I’ve been using Apple computers for a very, very long time.
When I was a kid, my dad used to bring home Apple Lisas and Apple IIEs for us to play with.
For my 10th birthday – all the way back in 1981 – there was a queue of boys from my class, snaking their way around the house, just waiting for their first chance to play with a computer. Literally queuing up, to step over the threshold, and into a new brave new world.
I bought my first Apple computer in 1996. It was a PowerMac 7200/90. And it was followed a few years later by a charcoal G4 tower with a see-through monitor that was nearly the size of a dishwasher.
Back in those days, Macs froze with some frequency. And when they did, there were no screenshots to be taken, nor convenient snaps with your iPhone. The best chance of conveying the disaster at hand, was scribbling down those angst-inducing error messages, which proved invaluable when later discussing the matter with Apple technical support.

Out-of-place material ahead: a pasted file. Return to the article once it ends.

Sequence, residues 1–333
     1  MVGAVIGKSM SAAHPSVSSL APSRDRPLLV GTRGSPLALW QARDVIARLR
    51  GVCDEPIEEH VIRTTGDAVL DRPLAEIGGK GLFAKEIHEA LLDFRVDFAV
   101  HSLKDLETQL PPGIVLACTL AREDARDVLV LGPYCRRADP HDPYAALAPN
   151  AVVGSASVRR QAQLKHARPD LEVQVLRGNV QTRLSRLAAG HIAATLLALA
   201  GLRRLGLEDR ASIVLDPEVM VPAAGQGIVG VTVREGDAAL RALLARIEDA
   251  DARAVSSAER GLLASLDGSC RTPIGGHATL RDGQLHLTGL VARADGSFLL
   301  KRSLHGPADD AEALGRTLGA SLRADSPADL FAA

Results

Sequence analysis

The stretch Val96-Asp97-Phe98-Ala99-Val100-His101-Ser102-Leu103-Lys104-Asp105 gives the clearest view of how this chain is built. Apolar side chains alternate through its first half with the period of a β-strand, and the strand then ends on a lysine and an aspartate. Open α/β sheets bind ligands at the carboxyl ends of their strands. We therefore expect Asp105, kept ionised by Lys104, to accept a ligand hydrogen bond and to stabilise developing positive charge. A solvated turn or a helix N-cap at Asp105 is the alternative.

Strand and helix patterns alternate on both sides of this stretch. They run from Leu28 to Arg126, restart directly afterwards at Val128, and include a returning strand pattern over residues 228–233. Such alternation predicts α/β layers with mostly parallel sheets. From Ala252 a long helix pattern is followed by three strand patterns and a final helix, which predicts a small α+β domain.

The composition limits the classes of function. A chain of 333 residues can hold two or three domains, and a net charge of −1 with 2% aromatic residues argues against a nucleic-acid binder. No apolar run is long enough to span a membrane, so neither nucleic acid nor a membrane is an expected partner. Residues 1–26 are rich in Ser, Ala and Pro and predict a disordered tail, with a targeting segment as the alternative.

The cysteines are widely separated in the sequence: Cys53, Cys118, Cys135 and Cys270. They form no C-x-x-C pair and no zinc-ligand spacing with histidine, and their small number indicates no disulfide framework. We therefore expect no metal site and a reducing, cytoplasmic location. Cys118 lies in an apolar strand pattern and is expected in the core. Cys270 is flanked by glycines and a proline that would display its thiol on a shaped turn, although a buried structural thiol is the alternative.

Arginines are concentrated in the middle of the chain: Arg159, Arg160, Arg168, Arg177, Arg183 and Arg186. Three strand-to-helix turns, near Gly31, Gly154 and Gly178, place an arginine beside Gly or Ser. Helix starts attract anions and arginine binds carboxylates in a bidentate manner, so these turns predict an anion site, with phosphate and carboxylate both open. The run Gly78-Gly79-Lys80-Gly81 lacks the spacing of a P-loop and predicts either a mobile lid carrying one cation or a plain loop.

After moving house a few years back, I discovered some folders which contained a pile of these scribbled distress-calls. As you might imagine, for a Mac-nerd-fanboy, this was like stepping through a portal, and back into an age of virtual innocence.
And when viewed from a purely visual point of view, the graphical primacy of these harried sketches proved to be the basis for a dynamic collection of t-shirts which evoked a simpler time from our shared digital past.